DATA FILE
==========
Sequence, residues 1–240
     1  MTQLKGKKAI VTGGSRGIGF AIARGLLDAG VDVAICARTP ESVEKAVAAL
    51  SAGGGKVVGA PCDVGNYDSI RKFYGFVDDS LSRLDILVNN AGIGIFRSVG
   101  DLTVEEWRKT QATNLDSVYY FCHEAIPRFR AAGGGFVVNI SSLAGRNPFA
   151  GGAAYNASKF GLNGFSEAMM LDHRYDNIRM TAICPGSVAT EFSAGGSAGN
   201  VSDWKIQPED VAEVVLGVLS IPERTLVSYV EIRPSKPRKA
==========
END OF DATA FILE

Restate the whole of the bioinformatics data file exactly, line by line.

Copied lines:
Sequence, residues 1–240
     1  MTQLKGKKAI VTGGSRGIGF AIARGLLDAG VDVAICARTP ESVEKAVAAL
    51  SAGGGKVVGA PCDVGNYDSI RKFYGFVDDS LSRLDILVNN AGIGIFRSVG
   101  DLTVEEWRKT QATNLDSVYY FCHEAIPRFR AAGGGFVVNI SSLAGRNPFA
   151  GGAAYNASKF GLNGFSEAMM LDHRYDNIRM TAICPGSVAT EFSAGGSAGN
   201  VSDWKIQPED VAEVVLGVLS IPERTLVSYV EIRPSKPRKA